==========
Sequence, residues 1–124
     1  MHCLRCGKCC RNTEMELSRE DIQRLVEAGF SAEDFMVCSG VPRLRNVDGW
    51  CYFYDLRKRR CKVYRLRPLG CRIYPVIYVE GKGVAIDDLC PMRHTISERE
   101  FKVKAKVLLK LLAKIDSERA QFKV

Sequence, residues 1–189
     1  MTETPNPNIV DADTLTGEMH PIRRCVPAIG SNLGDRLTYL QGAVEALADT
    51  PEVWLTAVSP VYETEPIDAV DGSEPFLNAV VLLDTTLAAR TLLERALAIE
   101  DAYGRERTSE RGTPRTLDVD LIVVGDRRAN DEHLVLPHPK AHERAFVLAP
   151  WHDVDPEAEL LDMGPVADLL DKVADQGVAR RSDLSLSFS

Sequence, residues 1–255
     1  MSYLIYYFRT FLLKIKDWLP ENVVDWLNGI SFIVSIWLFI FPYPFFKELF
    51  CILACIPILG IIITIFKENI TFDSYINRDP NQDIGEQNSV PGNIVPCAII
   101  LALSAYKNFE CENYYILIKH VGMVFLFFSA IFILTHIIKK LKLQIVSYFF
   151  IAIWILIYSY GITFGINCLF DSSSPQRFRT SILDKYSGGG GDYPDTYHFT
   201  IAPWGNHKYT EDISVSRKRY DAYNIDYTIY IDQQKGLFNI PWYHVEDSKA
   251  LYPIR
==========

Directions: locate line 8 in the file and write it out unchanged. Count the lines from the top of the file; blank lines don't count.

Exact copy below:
   101  DAYGRERTSE RGTPRTLDVD LIVVGDRRAN DEHLVLPHPK AHERAFVLAP